Birds through the Seasons
A 2nd-grade unit from Core Knowledge.

All About Birds WebQuest

Hummingbird Projects and Activities
Several Activities from Operation Ruby Throat.

Watch the Birdie
A 6-week unit for grades 5-6 in which students develop language arts skills while studying North American birds.

Bird Migration
A lesson plan from the U.S. Fish and Wildlife Service. See also On the Fly: Studying Bird Migration and Behavior.

Lesson Plans About Migration
Several lesson plans from Migration Science and Mystery.

A high school lesson plan from Discovery Education.

Birding Basics
A lesson plan for grade 4 from the Wisconsin DNR. See also Birding Basics for grades 5-8 and Avian Adaptations for other lesson plans from this source.

Make Way for the Ducklings Art Lesson
A lesson plan for grades 1-3 for this classic book by Robert McCloskey. See also Make Way for the Ducklings: A Bird's Eyeview of Geography.

Mr. Popper's Penguins
A discussion guide for this book by Richard and Florence Atwater. See also Demonstrating Comprehension through Journal Writing for another lesson plan using this book.

Tacky the Penguin
This primary-grade lesson plan titled "What Makes Us Different?" uses Helen Lester's Tacky the Penguin to explore individual differences.

Meet the Penguins!
Lesson plans and a book list from Scholastic..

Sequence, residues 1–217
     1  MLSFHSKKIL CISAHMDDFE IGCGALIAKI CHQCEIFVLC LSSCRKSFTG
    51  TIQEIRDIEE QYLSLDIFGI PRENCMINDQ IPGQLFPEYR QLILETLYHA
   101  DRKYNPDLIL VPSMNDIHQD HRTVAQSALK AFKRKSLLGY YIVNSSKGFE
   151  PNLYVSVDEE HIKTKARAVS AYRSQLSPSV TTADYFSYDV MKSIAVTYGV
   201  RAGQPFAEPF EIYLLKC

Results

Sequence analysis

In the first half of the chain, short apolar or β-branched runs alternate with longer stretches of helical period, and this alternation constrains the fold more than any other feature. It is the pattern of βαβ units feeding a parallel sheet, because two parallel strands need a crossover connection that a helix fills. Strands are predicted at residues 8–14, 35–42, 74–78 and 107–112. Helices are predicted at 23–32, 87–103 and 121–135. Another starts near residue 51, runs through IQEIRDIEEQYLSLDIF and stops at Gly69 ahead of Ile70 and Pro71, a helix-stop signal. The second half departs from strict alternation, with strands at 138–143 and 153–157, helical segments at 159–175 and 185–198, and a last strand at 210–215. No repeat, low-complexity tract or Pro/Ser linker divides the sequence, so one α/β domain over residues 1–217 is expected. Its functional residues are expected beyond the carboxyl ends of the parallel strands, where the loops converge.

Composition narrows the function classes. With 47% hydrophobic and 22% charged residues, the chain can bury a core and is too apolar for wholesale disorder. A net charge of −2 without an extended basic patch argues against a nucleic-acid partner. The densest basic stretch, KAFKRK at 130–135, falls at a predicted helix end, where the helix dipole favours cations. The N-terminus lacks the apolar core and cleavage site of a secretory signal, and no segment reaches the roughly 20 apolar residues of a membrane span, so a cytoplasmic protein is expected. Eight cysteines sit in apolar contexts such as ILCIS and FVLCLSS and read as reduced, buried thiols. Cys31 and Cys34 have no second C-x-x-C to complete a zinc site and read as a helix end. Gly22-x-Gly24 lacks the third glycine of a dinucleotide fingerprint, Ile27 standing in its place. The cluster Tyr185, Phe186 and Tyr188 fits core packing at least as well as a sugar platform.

Winter Animals
A primary-grade lesson plan about penguins from Scholastic.

Dinosaurs (Scroll down past the lessons for links to sites with dinosaur information, pictures, and a dinosaur dictionary)
Dinosaur Lesson Plan
For the elementary grades.

A 2nd-grade unit.

Discovering Dinosaurs
A K-5 lesson plan from the Discovery Education. See also Dinosaurs in Argentina for grades 6-8 lesson.

Dinosaurs! Teaching Guide
For grades k-8 from Scholastic. See also Dinosaurs Before Dark.

Fossils 1: Fossils and DinosaurA
A lesson plan from Science Net Links. See also Fossils 2 , Dinosaurs 1: Where Are the Dinosaurs, and Dinosaurs 2: What Were Dinosaurs Like?

A Fossil's Journey
A Lesson plan for grades 3-5 from the National Parks Service.

Dinosaurs: Meat-Asaurus or Vegie-Asaurus?
An activity for grades 3-5 using The Magic School Bus: The Busasaurus.

Dinosaur Detective
A lesson plan for grades 6-8.

Zoom Dinosaurs
An on-line book with fact sheets, printouts, lists of dinosaurs, a dino dictionary, and more.

New Illustrations
Excellent site for locating illustrations of and information about many species of dinosaurs.

Iowa State Entomology Index of Internet Resources
directory and search engine of insect-related resources on the Internet.

What's Bugging You?
Ideas for lesson plans and activities from Education World.

Using Live Insects in the Classroom
Information from the University of Kentucky. See also
Insect Models for an Internet-based K-2 lesson plan.

Crickets in the Classroom Page
A unit involving the use of crickets to teach skills of observation and measurement. The page also provides information on crickets and sources for obtaining them.

Insect Mania
An elaborate 2nd-grade unit from Core Knowledge. See also Investigating Insects for another 2nd-grade unit.

Life in a Pine Cone
Another middle-grade activity.

Inventing Insects
A "creative lesson plan" from Scholastic.

An elementary-level WebQuest.

Insect Anatomy